Now, lets look at the advantages of the program. Mr. Gingrich wants the database to detect the undocumented from those accused of felonies, so they can be detained. In order to better assess any advantages of the program, let’s compare Mr. Gingrich’s proposal with what we have now.
Under the current system, our courts notify the Immigration Service of any non-citizen who is convicted of a serious felony. The Immigration Service then places a hold on the criminal while he is serving jail time. Upon completion of his sentence, the convict is not released, but rather is turned over to the Immigration Service, which can puts the alien under detention until deportation. Therefore, Mr. Gingrich’s proposal will only make a difference in cases where the accused is an illegal alien who is released prior to conviction. The reason being that if convicted, the current consequences are the same as they would be under Mr. Gingrich’s program.
However, under our current systems, those accused of felonies should not be released, whether legal or illegal, but must instead be detained unless the judge sets appropriate bond. The bond should be high enough to ensure that the accused will not flee. If that does not happen, the matter becomes a failure of the criminal justice, not the immigration system.
With regards to the Newark killings, which triggered this proposal by Mr. Gingrich, the shooter was an illegal alien who had recently been indicted for repeatedly raping a five-year-old relative and threatening her life and the lives of her family. He had also been arrested 10 months previously for assaulting patrons at a bar. With this record, this person should not have been released in the first place and should have been in detention, awaiting trial, regardless of whether he was a US citizen or an illegal alien. It therefore appears that Mr. Gingrich’s system would make a difference only in a very narrow line of cases where a judge might set bond for an accused illegal alien, whereas Mr. Gingrich would have a federal database denying any bond under such circumstances. In effect, Mr. Gingrich’s proposal would create a bureaucracy, located in Washington, DC, that can overrule bond decisions of criminal trial judges in cases where the accused is illegally in this country. Other concerns include cases in which the system may be in error, and individuals are mistakenly detained without due process. Considering the inefficiency of our immigration system, it is not unreasonable to think of erroneous detention of numerous people for weeks, months or even years while their legal status is being clarified.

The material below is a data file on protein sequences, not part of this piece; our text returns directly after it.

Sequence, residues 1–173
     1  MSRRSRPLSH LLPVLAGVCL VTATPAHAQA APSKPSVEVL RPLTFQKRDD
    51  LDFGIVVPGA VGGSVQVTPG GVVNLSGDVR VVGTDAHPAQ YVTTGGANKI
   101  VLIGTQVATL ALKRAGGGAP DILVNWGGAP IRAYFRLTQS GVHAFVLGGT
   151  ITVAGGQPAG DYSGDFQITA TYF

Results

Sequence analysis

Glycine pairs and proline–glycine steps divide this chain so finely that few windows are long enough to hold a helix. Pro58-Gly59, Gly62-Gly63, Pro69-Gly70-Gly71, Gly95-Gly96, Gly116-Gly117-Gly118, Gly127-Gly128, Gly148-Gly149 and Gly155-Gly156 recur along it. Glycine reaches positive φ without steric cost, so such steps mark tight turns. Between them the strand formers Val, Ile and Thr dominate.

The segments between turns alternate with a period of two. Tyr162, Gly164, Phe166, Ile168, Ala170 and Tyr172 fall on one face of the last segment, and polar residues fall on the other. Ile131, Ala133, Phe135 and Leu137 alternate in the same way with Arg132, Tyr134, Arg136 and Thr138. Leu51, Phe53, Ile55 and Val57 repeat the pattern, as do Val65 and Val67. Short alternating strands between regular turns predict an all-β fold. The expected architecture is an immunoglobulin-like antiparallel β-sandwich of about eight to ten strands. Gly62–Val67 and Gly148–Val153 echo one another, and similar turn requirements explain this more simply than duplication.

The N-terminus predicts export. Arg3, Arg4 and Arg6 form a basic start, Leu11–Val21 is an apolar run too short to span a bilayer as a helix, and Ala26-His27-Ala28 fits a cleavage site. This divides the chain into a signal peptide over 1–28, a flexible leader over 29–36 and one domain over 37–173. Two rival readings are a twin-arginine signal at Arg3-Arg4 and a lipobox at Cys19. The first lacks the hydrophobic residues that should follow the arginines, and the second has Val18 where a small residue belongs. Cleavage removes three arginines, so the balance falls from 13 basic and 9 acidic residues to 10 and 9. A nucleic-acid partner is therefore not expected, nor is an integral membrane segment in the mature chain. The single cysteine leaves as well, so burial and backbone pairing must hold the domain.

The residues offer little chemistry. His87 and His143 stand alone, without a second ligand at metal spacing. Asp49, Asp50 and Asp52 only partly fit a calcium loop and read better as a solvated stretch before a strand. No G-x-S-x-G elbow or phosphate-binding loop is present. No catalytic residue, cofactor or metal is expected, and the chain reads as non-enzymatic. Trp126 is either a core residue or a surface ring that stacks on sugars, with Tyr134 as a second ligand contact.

In summary, Mr. Gingrich is proposing a system that will cost untold billions to maintain, and whose advantage appears to be a few cases per year where a trial judge sets an inadequate bond for an illegal alien who is accused of a felony. But inadequate bonds and early releases endanger society, not only in cases where the felons are illegal aliens, but also in cases when the felons are U.S. citizens or lawfully present. Therefore, a far less expensive and more practical alternative would be to establish a system of setting bonds, so that dangerous individuals accused of heinous felonies are more likely to remain in jail pending their trial, regardless of whether or not they are illegals or U.S. citizens. Such system should protect us more than Mr. Gingrich’s proposal, while not adding to our federal government bureaucracy, and will continue to preserve the decision-making power of those at the most local level.